Duty of Vigilance | France

Another set of laws, which are not limited just to modern slavery, have been emerging in the European context. In 2017, France enacted a human rights due diligence statute1 that went beyond the relatively neutral reporting ethos of the California and U.K. laws. Compared to the California or U.K. laws, the French statute’s requirements are more expansive, including a host of human rights and environmental concerns and requiring companies to not merely report on efforts (if any), but to affirmatively adopt and then carry out a “vigilance plan” that sets forth how they will assess human rights risks among subsidiaries, subcontractors, and suppliers; how they will track and mitigate risk; and what mechanisms they will use to assess effectiveness.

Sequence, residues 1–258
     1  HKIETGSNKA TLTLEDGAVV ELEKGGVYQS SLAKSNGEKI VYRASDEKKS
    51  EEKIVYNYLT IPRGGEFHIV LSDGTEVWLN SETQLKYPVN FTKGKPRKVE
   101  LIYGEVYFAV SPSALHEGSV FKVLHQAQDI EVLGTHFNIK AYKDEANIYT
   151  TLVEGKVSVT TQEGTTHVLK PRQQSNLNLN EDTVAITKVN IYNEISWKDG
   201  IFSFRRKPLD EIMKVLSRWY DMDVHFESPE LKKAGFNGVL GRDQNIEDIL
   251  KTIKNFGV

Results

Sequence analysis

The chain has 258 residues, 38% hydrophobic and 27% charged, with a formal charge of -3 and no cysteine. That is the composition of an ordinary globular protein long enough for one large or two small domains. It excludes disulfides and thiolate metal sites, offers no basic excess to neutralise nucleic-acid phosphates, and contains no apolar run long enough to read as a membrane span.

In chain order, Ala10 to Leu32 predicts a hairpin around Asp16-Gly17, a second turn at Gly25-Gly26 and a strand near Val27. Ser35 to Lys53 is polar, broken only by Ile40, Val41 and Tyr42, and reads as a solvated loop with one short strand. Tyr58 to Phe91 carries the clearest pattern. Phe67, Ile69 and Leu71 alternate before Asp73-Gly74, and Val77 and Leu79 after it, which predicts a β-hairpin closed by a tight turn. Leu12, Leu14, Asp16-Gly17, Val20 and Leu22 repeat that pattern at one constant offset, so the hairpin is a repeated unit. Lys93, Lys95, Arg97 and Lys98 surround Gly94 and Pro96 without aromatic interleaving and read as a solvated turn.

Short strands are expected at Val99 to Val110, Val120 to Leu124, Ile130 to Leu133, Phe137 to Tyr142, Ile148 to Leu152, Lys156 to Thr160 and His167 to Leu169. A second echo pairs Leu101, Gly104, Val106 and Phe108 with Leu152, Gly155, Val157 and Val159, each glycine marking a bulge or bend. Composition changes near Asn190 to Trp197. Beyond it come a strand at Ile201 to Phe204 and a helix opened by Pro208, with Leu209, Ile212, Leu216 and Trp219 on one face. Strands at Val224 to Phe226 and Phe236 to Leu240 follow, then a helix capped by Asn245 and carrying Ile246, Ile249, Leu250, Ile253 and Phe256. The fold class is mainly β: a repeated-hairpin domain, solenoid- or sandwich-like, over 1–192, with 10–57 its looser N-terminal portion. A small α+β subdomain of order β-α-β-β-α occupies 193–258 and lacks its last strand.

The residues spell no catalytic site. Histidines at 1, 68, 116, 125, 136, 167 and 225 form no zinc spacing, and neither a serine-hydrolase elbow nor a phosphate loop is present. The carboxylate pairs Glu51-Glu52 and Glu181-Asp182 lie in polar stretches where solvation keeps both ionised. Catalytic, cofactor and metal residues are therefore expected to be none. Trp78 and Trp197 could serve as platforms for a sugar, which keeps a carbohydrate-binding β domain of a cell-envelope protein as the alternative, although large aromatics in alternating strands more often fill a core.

In the immediate term, with all of the various transparency legislation, one can expect that architecture, engineering, and construction firms will be affected either by having to file disclosures themselves or by having suppliers who are big enough to have disclosure requirements. Those who must file disclosures themselves will have to adopt and execute policies and procedures to make their disclosures accurate or risk regulatory or criminal exposure. Those who work with firms required to file disclosures will have the advantage of assessing potential suppliers or partners for their anti-slavery activities. Filing firms whose public disclosures and private actions are aligned will develop a reputation for ethical business practices that will inure to those who use their products or services.

1 On the Duty of Vigilance of Parent Companies and Ordering Companies, Republic of France Legislation. Law No. 2017-399. March 27, 2017.